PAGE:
Nicholas Trimble, UUP councillor Lisburn & Castlereagh


Appeal: Dalaradia are appealing for anyone who may have some Lego to donate to a local Newtownabbey Special needs school.

LEGO is the most recognizable toy brand in the world. LEGO offers kids limitless possibilities for imaginative play, cooperation, problem-solving, and creativity.

If anyone has any whatsoever, please contact the group.

Many thanks

Thank you

With our upcoming Tanzania Project we have been fortunate to have a number of sponsors and core funding.


However, we are actively fund-raising and seeking sponsorship for operational costs thus releasing more funds for the children.

We want to take this time to thank various people for their kind donations.

  • Dr Ian Adamson – http://www.ianadamson.net/
  • Gary Williamson – http://www.garysmenswear.co.uk/
  • Reach UK – http://www.reachproject.co.uk/
  • Pretani Associates – http://www.pretani.co.uk/
  • Stephen Long from The Hubb
  • Pretani Press – http://www.ianadamson.net/pretani-press/
  • North Down Capacity Initiative – https://www.facebook.com/Down-Capacity-Building-Initiative-Bangor-
  • Northern-Ireland-1832935186977960/
  • Wm Strain Wm Lightbody Memorial Flute Band – https://www.facebook.com/wmstrainwmlightbodymemorial/
  • Ballygowan True Blues – https://www.facebook.com/groups/425104557573499/
  • Mark Williamson – Rathcoole Peoples Group
  • Steeple Defenders – https://www.facebook.com/steeple.defenders/
  • Wendy Kerr – http://www.southantrimrcommunitynetwork.org/
  • Disraeli Street Liverpool Supporters Club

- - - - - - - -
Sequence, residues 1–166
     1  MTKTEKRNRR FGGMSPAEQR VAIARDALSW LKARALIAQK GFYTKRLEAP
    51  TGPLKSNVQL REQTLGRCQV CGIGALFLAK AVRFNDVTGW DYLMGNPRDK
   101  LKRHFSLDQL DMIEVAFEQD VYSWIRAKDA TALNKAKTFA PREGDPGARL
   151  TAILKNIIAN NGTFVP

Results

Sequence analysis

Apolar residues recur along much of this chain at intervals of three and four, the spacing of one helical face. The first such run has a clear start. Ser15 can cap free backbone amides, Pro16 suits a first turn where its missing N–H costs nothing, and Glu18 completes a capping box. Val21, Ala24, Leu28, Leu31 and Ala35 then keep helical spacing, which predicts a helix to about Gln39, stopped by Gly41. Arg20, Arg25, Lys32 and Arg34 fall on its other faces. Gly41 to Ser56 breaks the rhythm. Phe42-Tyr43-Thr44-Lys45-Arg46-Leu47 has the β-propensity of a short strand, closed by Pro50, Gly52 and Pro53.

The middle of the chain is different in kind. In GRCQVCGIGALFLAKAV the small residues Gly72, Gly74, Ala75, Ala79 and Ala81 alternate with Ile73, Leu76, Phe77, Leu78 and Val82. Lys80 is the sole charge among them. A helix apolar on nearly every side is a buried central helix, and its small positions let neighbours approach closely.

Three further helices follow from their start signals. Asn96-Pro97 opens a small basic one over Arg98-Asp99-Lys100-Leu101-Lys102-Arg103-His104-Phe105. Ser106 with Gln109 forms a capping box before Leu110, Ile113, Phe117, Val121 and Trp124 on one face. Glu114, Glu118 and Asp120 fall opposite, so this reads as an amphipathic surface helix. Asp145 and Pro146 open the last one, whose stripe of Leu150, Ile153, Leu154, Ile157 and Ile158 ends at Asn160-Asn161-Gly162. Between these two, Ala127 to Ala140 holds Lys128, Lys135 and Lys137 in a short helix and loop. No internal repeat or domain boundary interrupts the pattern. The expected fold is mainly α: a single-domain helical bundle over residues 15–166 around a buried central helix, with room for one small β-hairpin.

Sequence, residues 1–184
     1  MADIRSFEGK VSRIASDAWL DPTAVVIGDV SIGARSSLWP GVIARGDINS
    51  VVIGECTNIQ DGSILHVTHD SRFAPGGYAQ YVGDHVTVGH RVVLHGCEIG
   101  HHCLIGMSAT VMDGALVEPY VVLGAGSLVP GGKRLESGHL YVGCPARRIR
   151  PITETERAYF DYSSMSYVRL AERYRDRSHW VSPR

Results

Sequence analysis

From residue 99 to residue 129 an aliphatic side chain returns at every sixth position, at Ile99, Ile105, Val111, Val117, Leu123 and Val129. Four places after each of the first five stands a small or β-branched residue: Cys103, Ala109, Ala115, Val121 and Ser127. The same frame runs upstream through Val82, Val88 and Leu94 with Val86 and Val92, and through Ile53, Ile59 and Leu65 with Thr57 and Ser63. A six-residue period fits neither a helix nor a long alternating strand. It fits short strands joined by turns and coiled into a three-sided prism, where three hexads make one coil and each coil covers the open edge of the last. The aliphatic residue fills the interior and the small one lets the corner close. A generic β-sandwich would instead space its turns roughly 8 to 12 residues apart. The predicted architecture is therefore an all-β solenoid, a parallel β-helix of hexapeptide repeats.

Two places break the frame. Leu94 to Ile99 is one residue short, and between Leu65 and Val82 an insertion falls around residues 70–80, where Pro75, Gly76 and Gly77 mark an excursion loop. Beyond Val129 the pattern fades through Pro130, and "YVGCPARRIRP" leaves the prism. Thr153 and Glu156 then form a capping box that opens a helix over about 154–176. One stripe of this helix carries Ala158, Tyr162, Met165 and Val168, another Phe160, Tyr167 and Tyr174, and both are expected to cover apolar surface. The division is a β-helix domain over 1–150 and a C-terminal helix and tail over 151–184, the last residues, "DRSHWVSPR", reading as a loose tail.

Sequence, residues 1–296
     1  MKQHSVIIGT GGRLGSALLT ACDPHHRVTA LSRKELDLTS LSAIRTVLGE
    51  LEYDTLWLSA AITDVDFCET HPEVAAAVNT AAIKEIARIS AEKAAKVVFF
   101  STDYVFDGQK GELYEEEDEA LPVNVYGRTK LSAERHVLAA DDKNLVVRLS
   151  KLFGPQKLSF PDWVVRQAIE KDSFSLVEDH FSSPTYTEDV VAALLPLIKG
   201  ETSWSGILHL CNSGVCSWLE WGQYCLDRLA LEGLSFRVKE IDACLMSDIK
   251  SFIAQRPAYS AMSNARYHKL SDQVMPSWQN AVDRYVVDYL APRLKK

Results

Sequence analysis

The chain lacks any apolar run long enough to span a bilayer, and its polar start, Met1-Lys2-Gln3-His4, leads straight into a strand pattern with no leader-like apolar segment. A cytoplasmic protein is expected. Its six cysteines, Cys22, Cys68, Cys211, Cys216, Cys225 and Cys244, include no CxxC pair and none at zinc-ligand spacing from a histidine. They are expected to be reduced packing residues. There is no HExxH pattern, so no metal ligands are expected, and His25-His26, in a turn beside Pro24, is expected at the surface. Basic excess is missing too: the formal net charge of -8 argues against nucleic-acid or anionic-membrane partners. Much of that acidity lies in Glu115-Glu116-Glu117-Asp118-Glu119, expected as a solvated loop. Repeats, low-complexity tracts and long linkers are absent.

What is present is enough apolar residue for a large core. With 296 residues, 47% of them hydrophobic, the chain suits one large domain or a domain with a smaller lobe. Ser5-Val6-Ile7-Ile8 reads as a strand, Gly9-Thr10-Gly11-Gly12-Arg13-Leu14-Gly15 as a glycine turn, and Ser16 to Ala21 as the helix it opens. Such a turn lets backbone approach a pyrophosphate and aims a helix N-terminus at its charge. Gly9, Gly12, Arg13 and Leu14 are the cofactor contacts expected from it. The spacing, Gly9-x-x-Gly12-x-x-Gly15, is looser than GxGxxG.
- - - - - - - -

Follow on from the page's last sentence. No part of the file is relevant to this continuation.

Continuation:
• Martin Snodden – Northern Spring
  • Anonymous Diner, Newtownabbey
  • Shine Window Cleaning, Shankill – https://www.facebook.com/martin.spence.756
  • Crown Defenders Online Forum http://www.crowndefenders.com/forum
  • Jackie Welsh

Tanzania Project

A group from Loyalist communities (Among them members of Dalaradia) have been selected to participate in a pilot scheme to undertake charitable work with a local orphanage in Tanzania. For more details click the following link – http://www.dalaradia.co.uk/?page_id=715

First Aid Courses

Dalaradia in conjunction with REACH are now providing First Aid Courses to members of the community. The course is provided by SR training,  is over two days and fully accredited. Below is a group who recently completed the course.


First aid and CPR training has practical benefits.

Its saves lives! Although this is the most obvious reason it is also the most important. First Aid training gives you a better understanding and confidence to be able to act in the occurrence of an accident. Time and time again CPR has saved lives due to immediate action being taken. CPR knowledge can be vital in the event of a critical or life threatening incident.

Please contact Dalaradia or REACH for information on future courses.

Dalaradia Foodbank

Dalaradia in conjunction with REACH, Fare Share and Tesco Newtownabbey are now providing a food bank to distribute food to those who have difficulty purchasing enough to avoid hunger.

We will be distributing good food destined for waste which has been transformed into nutritious meals for vulnerable people. The food we redistribute is fresh, quality and in date surplus from Tescos.